Prior precedents in chemical law have been applied to isolated DNA sequences, including those that permitted the patenting of purified chemical compounds like aspirin, Vitamin B12, and prostaglandins. The chemical analogy has allowed patents on isolated, purified human genes to circumvent the “product or nature” doctrine, a longstanding rule that prohibits the patenting of natural materials.

When DNA is used as a chemical compound to produce recombinant drugs and vaccines the chemical analogy is valid and useful. For example, recombinant drug production involves creation of a nucleic acid that didn’t previously exist in nature (cDNA), which is then used to produce another, medically valuable chemical.

Enormous investments are required to develop, test, and obtain regulatory approval for pharmaceutical products. Patents on the human genes used to manufacture new drugs are central to the process of obtaining the necessary risk capital to introduce these important therapeutic agents into medical practice.

By contrast, genetic testing simply involves examining patients’ DNA sequences for variants that may predispose them to disease, predict response to drug therapy, or signal a possible susceptibility to pharmacologic side effects. Technical advancements have made the process of setting up genetic tests straightforward, inexpensive, and routine using existing, justifiably patented instruments and techniques. The Human Genome Project has made reference sequences, with which patients’ DNA sequences are compared, freely available. Consequently, gene patents in the genetic testing context decrease innovation in test development and limit the number of test providers, thereby raising healthcare costs and reducing or eliminating patient opportunities to confirm results.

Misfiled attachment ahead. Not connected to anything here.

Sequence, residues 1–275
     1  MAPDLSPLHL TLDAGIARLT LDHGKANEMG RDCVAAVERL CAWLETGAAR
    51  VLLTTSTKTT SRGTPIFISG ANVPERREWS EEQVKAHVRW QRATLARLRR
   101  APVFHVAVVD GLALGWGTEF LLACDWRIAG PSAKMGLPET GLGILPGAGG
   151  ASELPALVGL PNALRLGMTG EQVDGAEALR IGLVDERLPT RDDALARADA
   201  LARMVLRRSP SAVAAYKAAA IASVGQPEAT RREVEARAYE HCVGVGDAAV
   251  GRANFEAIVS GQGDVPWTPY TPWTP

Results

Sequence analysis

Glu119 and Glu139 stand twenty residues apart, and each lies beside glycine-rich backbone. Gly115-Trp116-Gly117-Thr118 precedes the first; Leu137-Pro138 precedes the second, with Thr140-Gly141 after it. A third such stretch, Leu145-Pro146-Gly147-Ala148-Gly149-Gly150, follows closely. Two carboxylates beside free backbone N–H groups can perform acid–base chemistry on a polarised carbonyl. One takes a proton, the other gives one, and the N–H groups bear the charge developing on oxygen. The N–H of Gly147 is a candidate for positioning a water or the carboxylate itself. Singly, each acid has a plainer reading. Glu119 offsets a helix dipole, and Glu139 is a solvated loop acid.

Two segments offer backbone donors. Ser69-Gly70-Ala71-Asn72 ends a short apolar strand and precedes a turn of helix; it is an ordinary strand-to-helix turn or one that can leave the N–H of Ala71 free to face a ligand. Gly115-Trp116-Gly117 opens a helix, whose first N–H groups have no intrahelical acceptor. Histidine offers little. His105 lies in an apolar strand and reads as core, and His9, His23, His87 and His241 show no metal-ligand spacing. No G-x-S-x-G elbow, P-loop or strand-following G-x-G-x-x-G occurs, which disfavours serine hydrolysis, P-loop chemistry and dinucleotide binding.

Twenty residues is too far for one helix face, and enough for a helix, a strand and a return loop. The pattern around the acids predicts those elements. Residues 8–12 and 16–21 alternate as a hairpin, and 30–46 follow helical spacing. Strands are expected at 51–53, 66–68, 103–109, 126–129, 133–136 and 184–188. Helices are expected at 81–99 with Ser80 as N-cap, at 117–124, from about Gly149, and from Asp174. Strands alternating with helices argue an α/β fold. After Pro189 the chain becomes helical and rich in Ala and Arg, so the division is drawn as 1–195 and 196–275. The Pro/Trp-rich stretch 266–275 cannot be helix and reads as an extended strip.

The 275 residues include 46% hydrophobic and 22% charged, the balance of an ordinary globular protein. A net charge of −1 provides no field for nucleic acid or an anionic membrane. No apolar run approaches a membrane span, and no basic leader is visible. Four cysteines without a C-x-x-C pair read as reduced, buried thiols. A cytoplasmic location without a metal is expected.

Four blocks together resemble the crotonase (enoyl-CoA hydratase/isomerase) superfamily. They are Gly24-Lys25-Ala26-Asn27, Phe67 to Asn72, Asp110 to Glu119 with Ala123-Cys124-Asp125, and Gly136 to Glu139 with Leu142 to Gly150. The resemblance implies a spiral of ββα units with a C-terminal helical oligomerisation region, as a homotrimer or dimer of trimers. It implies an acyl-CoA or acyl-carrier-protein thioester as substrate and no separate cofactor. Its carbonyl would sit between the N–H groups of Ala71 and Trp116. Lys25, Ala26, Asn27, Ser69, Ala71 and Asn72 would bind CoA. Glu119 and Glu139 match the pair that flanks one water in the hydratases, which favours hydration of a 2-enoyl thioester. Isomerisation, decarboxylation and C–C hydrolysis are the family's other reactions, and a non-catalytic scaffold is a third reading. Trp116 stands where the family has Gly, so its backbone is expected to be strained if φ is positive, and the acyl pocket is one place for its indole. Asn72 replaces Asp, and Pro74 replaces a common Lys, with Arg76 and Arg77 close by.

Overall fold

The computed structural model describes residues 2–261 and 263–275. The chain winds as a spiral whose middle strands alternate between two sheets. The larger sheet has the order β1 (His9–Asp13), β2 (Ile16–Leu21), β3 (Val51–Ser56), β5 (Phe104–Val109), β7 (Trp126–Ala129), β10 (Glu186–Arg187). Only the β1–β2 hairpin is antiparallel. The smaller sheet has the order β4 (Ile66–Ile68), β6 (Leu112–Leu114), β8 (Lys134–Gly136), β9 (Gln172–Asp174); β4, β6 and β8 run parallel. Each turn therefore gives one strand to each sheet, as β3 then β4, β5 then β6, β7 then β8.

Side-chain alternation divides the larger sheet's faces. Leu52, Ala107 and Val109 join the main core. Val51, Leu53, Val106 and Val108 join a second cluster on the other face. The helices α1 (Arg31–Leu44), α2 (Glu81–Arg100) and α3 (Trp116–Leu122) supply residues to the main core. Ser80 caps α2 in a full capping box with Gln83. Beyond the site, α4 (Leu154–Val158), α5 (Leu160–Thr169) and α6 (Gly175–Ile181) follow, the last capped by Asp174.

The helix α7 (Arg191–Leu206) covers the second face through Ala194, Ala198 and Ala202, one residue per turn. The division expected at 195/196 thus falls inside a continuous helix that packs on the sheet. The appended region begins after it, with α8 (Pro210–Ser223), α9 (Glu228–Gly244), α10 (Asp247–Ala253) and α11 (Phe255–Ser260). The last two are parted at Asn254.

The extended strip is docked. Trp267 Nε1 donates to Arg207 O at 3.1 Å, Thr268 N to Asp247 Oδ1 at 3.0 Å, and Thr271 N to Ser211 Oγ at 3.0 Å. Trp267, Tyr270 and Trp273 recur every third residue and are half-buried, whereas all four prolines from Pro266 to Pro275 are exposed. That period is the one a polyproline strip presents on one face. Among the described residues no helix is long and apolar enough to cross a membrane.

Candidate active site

Current U.S. law does not appear to permit patents on human genes, or patents on correlations between genetic variants and clinical phenotypes, to be used to restrict diagnostic testing for genetic disorders. Dating back to litigation over Samuel Morse’s patents on the telegraph, U.S. law has not allowed the patenting of natural phenomena. The “natural phenomenon” doctrine, which is distinct from the “product of nature” doctrine discussed in the context of drug production, prohibits the patenting of laws of nature, like gravity or relativity, and biological relationships, like genotype-phenotype correlations.

If I want to perform a genetic test on myself, my sole aim is to extract the information contained within my genes and correlate that information with the likelihood that I will be afflicted with a clinical disease. I am not making or selling a drug. I am merely reading my genetic code in search of natural relationships, or phenomena, that long predate my existence.

Patent holders on genes, genetic variants, and their biological correlations are already using the threat of litigation to force laboratories to stop performing genetic tests for predisposition to, as well as likelihood of treatment response for, various forms of cancer.

As genetic testing moves into mainstream medicine, this legal scenario will begin to have much wider, more detrimental effects on healthcare in the U.S. Gene patents for drug production have been useful and societally beneficial. But it is in all of our interests that the scope of these patents not be extended to include genetic testing.

Roger Klein, M.D., J.D., is currently pursuing research on the legal implications of the Human Genome Project at the Yale University School of Medicine. E-mail: [email protected].